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The company was founded in 1968, by noted Brazilian businessman, Camilo Cola, who has made it his mission to protect the environment surrounding his operations. With this in mind, the company took on a new responsibility several years ago — to grow trees around its production units — from the quarries to the main office surroundings.
Today the company is proud to have incorporated more than 100,000 trees, including native, fruit-bearing and exotic species. One type of tree, in particular, is the “Pau-Brasil” — the tree that gave its name to the country 500 years ago.
As environmental laws in Brazil have continued to develop, Marbrasa reports that it has already been recovering extraction areas as well as the ciliary (wet, subtropical) forest near the quarries in order to avoid erosion, improve water quality and protect local fauna. “We are proud to be a reference of environment protection in our business,” said Elvis Gomes, Marbrasa’s CEO.
Today, Marbrasa grows four times as many trees than what is required by Brazilian law. “It is not only the quantity of trees, but also a variety of species that is important to build a healthy and well-balanced environment,” explained Giselle Intra, Environment Manager for Marbrasa.
Marbrasa has tree nurseries close to the quarries, where growing seedlings are given special care until they are resistant enough to be transferred to their final planting location. Seeds, plants and seedlings are offered to employees and communities around the quarries.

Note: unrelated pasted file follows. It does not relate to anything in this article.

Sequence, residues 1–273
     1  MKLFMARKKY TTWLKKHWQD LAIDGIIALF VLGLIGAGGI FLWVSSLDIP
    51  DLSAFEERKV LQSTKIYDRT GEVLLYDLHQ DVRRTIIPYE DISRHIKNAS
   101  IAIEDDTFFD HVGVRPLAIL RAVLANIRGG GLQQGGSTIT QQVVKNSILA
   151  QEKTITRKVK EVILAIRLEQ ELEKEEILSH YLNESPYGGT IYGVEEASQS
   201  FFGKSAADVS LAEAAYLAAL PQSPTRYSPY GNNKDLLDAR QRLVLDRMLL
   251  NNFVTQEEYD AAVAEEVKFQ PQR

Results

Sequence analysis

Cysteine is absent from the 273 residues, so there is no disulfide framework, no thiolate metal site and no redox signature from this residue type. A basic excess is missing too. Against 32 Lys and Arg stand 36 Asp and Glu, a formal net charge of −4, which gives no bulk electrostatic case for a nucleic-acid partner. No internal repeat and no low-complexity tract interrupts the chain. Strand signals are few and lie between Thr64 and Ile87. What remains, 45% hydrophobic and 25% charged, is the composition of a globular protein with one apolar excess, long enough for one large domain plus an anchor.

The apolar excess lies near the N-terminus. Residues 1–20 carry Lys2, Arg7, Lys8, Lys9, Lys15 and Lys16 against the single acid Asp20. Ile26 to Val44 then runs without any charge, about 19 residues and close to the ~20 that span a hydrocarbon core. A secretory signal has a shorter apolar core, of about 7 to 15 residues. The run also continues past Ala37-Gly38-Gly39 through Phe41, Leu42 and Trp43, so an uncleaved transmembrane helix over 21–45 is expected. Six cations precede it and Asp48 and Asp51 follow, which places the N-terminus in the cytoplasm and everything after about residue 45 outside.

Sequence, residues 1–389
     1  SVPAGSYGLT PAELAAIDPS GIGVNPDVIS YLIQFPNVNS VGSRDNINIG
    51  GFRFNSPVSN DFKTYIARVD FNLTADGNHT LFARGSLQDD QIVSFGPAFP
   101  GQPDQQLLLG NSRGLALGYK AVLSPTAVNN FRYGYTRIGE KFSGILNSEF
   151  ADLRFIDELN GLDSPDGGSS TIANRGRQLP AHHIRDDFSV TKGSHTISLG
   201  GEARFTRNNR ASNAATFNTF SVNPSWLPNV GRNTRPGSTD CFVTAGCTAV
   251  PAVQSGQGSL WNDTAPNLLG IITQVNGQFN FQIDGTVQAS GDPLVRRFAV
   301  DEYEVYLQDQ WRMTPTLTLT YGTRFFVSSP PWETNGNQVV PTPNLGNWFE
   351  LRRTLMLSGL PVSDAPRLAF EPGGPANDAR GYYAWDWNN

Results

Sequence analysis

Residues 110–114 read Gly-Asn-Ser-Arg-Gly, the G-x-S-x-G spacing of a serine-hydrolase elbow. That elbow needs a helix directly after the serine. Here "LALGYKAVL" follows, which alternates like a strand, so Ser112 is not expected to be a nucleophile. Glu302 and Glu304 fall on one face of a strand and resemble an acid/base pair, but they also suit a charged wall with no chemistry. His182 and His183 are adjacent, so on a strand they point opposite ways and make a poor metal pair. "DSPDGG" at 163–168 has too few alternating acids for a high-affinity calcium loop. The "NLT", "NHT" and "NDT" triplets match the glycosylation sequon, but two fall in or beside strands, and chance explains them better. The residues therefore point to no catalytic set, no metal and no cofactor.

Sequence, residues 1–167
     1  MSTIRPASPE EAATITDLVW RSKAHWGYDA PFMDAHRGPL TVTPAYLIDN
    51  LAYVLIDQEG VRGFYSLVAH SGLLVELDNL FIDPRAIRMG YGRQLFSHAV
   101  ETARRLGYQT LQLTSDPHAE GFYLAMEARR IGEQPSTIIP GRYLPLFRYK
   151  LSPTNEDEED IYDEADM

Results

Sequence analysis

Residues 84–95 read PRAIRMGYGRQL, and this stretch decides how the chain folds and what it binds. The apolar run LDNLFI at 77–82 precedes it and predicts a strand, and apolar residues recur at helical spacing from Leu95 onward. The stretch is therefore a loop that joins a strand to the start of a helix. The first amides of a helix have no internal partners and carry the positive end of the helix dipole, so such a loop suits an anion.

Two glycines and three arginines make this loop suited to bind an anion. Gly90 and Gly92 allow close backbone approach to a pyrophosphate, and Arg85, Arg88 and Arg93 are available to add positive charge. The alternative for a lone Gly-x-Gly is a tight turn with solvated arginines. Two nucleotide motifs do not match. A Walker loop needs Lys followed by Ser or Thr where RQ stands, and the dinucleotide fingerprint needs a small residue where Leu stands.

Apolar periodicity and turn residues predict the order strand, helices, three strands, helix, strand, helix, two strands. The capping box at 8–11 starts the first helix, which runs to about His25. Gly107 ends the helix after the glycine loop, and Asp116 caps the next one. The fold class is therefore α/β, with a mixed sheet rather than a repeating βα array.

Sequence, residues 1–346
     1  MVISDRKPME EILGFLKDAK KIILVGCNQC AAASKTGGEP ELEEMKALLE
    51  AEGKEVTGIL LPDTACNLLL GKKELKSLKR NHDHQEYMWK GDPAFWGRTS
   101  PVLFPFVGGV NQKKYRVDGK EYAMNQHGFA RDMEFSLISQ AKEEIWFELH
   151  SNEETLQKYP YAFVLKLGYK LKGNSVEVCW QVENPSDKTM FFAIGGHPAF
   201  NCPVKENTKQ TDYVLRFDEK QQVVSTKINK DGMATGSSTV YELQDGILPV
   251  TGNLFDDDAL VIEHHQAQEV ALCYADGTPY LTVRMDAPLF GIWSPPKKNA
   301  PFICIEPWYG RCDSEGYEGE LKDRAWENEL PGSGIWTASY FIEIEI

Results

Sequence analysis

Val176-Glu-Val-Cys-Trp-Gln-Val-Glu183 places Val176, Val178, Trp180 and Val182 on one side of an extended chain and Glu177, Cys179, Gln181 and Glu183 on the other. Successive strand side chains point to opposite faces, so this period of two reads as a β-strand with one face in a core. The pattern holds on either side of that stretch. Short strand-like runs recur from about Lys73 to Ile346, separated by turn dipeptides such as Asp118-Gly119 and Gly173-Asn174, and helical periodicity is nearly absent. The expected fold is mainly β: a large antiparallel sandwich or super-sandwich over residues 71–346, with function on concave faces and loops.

At the San Gabriel Black granite quarry — one of the world’s largest granite quarries — 30,000 trees have been planted. Another 76,000 trees are being planted around other quarries and in Permanent Protection Areas (PPA), where they are permanently protected by law.
Marbrasa is already planning to continue its pattern of environmental stewardship well into the future. The company is currently in the process of building a new industrial plant closer to the quarries. This new facility should produce twice the current capacity of the company.
Although equipment for the new plant has not been installed, Cola has already guaranteed a central place for the trees that, in the future, will be in harmony with the machinery and the stone. This green location has been affectionately nicknamed “Central Park.”
The company also performs selective trash collection, and part of the residue produced is sent to recycle industries. This operation reduces pollution, protects the environment and generates income for those involved in the process.